Every Business is the Same.

Unless you work for a non profit, you know the routine — business has one motive – to make a profit (eventually.) Business is a mathematical equation which pits the variables of humans against an improbable outcome measured by quarterly earnings and loss. What goes up must come down, despite the general theory of relativity not being related to business, it’s still quite relevant.

It doesn’t matter what product or service you sell, how much it cures a rare disease or makes the sky rain tar,  if you’re in business, you must decrease costs and sell, sell, sell, and compete against others who are your mortal enemies due to deciding to work for a company names X instead of Y, and you have to be so sure why you’re better and why you are the best (despite your products/services known shortcomings) and you all must drink so much of the kool-aid you get a stomach ache and end up in the hospital for gulping down too damn much of the saccharine, chemically-endowed beverage. Drink up.

This — this is what we have spent our childhood’s training for — what all those elementary school projects where we drew what we want to be when we grew up has prepared us to do so well. Forget about those dreams about being an astronaut or ballerina or whatever else kids think they want to be, because life isn’t about dreams, it’s about reducing oneself to become a cog in the machine, to be minimally more creative than a robot albeit slightly less efficient. To convince ourselves that what we do matters, or, to uncover that it doesn’t so we should stop caring and just churn on and hold our breaths until we come home to families filled with lovers and children – children who believe there is so much more to life.

There is nothing wrong with business. It is not morally right or improper. It is not good or bad. It just is – it’s venture capitalists providing millions of dollars to ideas which may generate billions; it’s entrepreneurs who pretend to care about vision when what they really see is piles of money which can only be achieved through the pyramid scheme of stock options and a dream which everyone must buy into. It’s companies that go bust and others that break even and the few that makes its employees wealthy enough to never have to work again, although without the structure and purpose of work it’s even harder to find meaning over the extended period of time which is our waking existence.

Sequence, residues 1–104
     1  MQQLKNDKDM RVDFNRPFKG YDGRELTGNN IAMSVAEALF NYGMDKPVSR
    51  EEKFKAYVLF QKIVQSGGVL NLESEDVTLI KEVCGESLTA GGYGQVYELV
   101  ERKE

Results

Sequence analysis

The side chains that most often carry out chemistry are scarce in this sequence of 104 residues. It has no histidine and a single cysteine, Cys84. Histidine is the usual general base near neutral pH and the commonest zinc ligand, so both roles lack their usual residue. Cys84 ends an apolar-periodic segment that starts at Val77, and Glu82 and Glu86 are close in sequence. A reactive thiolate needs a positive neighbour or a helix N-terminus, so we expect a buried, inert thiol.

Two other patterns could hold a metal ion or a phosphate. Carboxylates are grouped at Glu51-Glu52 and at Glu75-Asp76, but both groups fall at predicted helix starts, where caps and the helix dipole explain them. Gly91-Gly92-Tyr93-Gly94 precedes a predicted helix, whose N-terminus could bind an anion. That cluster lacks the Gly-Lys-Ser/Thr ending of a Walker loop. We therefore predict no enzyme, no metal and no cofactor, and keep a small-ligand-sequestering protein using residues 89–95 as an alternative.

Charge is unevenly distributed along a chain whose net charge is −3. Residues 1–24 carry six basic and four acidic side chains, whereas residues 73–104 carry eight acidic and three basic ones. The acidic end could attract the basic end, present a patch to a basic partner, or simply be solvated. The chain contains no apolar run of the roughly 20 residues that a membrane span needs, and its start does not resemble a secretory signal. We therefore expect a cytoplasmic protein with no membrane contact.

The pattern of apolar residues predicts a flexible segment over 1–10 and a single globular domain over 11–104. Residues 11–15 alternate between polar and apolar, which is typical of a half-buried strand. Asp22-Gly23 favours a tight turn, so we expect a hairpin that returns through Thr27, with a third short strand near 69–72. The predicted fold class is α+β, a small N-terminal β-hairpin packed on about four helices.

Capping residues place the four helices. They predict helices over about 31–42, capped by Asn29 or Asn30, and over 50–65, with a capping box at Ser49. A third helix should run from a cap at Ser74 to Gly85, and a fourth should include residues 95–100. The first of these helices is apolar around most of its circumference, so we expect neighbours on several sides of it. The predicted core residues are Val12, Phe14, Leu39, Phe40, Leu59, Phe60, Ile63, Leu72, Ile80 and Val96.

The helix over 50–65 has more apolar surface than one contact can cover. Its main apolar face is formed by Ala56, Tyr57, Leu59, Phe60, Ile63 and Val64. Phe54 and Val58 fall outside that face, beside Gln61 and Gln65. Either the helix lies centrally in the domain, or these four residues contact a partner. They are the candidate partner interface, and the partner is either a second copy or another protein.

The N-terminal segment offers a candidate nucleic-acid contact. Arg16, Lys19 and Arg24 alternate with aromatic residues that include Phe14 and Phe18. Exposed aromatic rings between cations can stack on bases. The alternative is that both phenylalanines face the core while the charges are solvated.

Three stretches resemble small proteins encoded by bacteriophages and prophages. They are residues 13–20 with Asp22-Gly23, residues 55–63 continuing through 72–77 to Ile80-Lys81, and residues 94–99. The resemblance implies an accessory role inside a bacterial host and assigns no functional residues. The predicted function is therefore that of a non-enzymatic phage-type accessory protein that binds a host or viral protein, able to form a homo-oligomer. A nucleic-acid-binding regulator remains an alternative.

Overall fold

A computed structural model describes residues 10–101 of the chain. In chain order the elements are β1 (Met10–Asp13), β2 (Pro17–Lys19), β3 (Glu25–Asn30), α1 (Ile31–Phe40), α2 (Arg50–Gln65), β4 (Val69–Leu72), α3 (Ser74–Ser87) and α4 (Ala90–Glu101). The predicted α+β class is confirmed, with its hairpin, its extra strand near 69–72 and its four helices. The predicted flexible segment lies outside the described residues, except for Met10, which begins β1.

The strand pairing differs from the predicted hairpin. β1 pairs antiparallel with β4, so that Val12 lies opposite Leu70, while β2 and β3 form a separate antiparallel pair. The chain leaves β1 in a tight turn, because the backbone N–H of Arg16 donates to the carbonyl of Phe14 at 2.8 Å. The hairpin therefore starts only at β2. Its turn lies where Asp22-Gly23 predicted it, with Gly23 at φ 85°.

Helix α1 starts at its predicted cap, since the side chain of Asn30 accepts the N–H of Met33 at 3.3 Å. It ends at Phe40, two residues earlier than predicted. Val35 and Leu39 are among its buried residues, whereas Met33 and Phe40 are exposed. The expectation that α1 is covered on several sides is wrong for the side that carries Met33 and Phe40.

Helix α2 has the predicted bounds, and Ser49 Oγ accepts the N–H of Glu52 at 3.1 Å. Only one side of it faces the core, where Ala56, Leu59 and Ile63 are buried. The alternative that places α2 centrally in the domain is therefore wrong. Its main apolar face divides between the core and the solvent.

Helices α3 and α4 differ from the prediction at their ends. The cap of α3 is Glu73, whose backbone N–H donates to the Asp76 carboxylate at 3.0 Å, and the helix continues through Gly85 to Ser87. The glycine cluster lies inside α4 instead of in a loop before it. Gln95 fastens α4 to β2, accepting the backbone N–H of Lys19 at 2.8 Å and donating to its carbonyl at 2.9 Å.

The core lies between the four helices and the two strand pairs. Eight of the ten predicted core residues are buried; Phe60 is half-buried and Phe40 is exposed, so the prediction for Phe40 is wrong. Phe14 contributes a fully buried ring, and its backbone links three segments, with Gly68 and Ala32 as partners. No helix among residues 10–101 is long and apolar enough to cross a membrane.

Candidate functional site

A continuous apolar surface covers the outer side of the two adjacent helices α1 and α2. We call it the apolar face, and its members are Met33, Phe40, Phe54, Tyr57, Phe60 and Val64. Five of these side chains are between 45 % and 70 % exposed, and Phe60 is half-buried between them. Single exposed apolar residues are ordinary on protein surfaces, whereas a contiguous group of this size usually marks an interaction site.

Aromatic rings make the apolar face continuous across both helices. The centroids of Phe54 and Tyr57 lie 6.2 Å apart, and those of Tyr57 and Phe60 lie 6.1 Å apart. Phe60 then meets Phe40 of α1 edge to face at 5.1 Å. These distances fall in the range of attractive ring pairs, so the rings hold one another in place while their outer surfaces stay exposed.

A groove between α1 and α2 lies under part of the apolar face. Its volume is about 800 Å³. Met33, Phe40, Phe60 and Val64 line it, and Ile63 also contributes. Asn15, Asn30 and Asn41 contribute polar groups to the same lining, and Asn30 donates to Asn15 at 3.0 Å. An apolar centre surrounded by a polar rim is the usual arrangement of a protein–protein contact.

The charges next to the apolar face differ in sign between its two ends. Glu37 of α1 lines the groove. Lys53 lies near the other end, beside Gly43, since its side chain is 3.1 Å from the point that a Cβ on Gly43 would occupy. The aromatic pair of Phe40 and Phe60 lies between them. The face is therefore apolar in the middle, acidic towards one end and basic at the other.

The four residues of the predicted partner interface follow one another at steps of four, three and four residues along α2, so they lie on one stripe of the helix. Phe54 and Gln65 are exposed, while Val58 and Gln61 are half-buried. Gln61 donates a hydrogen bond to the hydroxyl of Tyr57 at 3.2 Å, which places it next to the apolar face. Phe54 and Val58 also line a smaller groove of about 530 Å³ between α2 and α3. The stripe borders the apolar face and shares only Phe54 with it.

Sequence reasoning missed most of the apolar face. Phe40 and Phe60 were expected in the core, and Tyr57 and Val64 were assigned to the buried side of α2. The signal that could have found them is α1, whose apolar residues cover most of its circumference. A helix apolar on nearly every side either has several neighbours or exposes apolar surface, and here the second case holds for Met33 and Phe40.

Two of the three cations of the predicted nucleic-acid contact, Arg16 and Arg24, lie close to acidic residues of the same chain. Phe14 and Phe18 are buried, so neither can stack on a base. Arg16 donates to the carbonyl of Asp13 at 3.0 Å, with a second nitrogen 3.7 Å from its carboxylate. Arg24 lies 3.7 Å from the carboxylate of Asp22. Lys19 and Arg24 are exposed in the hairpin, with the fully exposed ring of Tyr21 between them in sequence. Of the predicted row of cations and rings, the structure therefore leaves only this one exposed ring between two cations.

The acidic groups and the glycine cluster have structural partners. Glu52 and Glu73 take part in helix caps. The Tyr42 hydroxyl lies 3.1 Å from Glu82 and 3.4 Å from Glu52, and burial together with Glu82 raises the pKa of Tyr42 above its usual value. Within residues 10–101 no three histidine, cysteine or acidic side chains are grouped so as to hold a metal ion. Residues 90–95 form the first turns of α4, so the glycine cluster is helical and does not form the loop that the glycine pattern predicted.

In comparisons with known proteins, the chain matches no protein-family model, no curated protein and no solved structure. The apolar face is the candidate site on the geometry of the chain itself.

I’ve been paid and I’ve been paid well, probably too well, for the work I’ve done – and there is no shame in wanting to acquire enough wealth to have some choice in how I spend my days, even if that choice is often still “to work.” Yet as I end this phase of my life, I find it challenging to want to go back to any of it. Yes, I need to earn a living, but I have no energy or enthusiasm for trying to fit in a faux reality where everyone is catty and political and turns against each other all for this machine which no one truly has any control over insomuch as they control their own or anyone’s fate. People think you’re fucking them over on purpose when in reality you’re just incapable of being a robot.